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Problem Solver - August 2009

Making Pools More Accessible


Swimming and aquatic exercise offer an ideal workout, eliminating the strain of many out-of-the-water workouts. That's why many experts recommend swimming for the disabled, the elderly and for those recovering from injuries or surgery. Some facilities even offer specially targeted aquatic therapy classes specifically for these guests.

But for many patrons, the traditional ladder or steps used to get in and out of the pool are not an option. Even if you don't offer programs targeted specifically to their needs, your facility will can benefit by adding accessibility options.

Q: How can I improve accessibility?

A: You'll find a full line of pool lifts available throughout the industry that will enable patrons of every ability to get into and out of the water with ease and dignity.

However, if you also offer programming and swim times for day camps, swim meets and adult lap-swimming, you don't want your pool lift to block an entire lane or become an obstacle. That's where a portable pool lift comes in.

With a portable lift, you can easily roll the lift into place when it's needed, and just as simply move it out of the way when it's not needed. Simply roll the lift into place along the edge of the pool and lock the wheels before use.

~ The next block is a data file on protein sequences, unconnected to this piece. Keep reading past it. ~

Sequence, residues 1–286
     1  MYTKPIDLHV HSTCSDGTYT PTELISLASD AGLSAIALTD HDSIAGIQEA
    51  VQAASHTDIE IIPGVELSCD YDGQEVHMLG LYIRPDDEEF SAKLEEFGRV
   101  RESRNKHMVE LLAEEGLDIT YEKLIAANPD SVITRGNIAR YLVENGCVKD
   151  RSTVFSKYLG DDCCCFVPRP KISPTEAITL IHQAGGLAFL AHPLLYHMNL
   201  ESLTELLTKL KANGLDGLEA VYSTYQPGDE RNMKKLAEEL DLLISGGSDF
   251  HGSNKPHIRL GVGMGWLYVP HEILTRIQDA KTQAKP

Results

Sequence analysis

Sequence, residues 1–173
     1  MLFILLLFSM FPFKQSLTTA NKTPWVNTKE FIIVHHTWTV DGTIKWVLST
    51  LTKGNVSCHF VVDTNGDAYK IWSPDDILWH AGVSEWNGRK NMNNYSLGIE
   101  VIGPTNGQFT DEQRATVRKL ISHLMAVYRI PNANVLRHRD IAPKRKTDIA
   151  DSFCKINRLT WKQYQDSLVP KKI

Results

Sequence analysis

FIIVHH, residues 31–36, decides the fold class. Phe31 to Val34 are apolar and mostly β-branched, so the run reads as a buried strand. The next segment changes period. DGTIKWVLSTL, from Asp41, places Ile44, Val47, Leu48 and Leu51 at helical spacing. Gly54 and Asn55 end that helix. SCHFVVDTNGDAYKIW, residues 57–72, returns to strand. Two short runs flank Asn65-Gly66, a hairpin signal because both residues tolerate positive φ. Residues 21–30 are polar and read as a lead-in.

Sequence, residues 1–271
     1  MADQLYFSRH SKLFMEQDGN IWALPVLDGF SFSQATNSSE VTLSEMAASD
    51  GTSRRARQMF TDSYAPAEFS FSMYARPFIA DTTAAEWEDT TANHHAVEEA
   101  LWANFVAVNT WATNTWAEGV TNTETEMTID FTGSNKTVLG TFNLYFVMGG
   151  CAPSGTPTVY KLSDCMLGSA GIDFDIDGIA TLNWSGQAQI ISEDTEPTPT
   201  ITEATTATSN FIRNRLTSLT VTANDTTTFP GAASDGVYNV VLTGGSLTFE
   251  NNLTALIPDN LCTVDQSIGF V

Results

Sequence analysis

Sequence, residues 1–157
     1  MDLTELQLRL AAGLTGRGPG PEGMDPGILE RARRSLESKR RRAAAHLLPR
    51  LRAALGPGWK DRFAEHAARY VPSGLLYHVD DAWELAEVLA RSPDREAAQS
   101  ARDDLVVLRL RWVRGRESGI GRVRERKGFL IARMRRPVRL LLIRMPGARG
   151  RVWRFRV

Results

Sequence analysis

This option is also perfect for facilities that have multiple bodies of water and want to be able to allow access at various points. Rather than providing access to a single pool through a stationary lift, you'll be able to give patrons access to any of the appropriate bodies of water.

Q: Will a portable lift comply with ADA guidelines for pool lifts?

A: Definitely. Just check with your manufacturer to find out how your portable lift meets the requirements. Guidelines within the Americans with Disabilities Act (ADA) set specific water depth requirements, clear deck space requirements and requirements for seat height and width, footrests, lifting capacity and so forth.

For example, seats must be at least 16 inches wide. Some portable lifts offer seats as wide as 18.5 inches, exceeding the requirement.

Lifts also must be capable of unassisted operation, and a person must be able to call the lift when it is in either the deck or water position. Portable lifts with a waterproof remote control will offer this flexibility to your patrons.


FOR MORE INFORMATION
RehaMed International:
800-577-4424
www.poollifts.com


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